The universe separated into three distinct parts: before, during, and after. During:
An incredible violent jolt smashed my vehicle from the back, with a hideous metallic crunch and bang. Something smacked my face or my face smacked something, hard
I was feeling around for the latch to my seatbelt. It wasn't where it was supposed to be. And the door - I couldn't get it open was it locked? I scrabbled at the handle. It seemed to snap off in my hand.
Faces double framed in my window and theirs, staring at me. Somehow I pushed the creaking door wide. I lurched out onto the pavement. Are you all right? the faces said from their car. I don't know, I replied. How do I look? I wasn't being sarcastic. I touched my forehead. Even as I brought down my hand and stared at the Transylvanian tea coating it, I was aware at how much of a cliché that was.
I staggered a few steps. I remember giving a guy my cell phone and asking him to call Rosy. He did. Someone told me an ambulance and a state trooper were on their way. I started to assure him that none of that was necessary, fat lot I knew, but instead I took my cell phone back and called my brother's house in New York. I think I talked to my sister-in-law. I saw a huge black pickup truck lying on its side in the roadside ditch. I also saw my Ford Festiva, which I'd bought in October when my Geo Tracker blew up. Know why they call small cars bugs? Because of the way bugs look when people step on them.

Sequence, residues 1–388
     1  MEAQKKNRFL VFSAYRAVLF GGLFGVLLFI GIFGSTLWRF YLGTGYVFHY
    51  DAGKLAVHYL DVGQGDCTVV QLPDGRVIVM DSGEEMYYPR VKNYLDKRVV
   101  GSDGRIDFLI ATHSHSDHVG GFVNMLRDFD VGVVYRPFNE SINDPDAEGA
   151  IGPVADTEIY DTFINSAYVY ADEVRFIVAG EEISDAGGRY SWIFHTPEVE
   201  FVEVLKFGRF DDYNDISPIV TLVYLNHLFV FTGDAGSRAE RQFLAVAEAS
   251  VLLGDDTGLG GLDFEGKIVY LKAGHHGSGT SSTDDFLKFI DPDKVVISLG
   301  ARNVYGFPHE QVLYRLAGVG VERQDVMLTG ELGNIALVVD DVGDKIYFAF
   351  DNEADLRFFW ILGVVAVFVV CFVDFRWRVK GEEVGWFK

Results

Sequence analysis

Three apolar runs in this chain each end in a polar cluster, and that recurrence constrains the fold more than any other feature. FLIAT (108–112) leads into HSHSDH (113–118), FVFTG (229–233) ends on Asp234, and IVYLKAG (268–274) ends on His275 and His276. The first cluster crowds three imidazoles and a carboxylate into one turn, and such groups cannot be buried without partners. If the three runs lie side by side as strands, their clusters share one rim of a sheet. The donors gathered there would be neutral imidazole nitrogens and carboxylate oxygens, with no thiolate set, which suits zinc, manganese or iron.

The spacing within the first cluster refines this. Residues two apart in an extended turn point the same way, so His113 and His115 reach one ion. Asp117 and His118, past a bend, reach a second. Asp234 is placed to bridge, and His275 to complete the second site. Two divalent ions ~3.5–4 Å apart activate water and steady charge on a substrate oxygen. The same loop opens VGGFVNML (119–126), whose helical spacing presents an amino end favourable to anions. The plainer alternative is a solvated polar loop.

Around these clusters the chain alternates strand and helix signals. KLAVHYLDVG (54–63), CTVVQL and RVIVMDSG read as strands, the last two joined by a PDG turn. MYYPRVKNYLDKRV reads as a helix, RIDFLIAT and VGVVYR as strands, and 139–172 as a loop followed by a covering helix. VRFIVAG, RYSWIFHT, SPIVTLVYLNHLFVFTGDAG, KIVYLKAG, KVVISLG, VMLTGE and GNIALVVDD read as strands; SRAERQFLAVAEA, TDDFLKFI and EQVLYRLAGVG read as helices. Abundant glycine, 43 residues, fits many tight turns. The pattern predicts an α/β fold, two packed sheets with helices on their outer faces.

I flashed on an accident I'd seen in Birmingham when I was a kid. A lady kept staggering around the wreck, asking for her lost glasses. I asked for mine: they'd been flung off in the impact. As the EMTs were tying me to a board and loading me like so much laundry into the ambulance, they brought me my cell phone and keys and notary seal and briefcase - but they didn't see my specs. Also left behind, a nice Christmas sweater, that package I needed to return to the SFBC, and my NYFD pullover cap, bought at Ground Zero.
At the time, though, I was helpless about such things. Flat on my back, I busily tried to convince the EMT, and myself, that I was all right. I wriggled my feet happily, convincing myself of no spinal damage. I recited my phone and Social Security numbers to establish that I still had my memory. If I had the right numbers, I did fine. I also begged the guy not to catheterize me. I was doing this when the doors opened at the hospital and I heard the voice that meant the most to me in the world. Rose-Marie says she shot the EMT a look and he explained, "It's a guy thing."